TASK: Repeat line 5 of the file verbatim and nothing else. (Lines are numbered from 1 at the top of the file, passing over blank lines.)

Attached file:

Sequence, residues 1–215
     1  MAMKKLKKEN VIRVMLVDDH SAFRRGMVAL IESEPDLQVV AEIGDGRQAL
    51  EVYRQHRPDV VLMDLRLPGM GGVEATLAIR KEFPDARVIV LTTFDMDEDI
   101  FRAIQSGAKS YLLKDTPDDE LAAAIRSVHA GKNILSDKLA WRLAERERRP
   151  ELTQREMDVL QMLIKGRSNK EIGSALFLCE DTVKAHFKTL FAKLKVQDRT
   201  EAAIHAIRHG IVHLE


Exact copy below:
   151  ELTQREMDVL QMLIKGRSNK EIGSALFLCE DTVKAHFKTL FAKLKVQDRT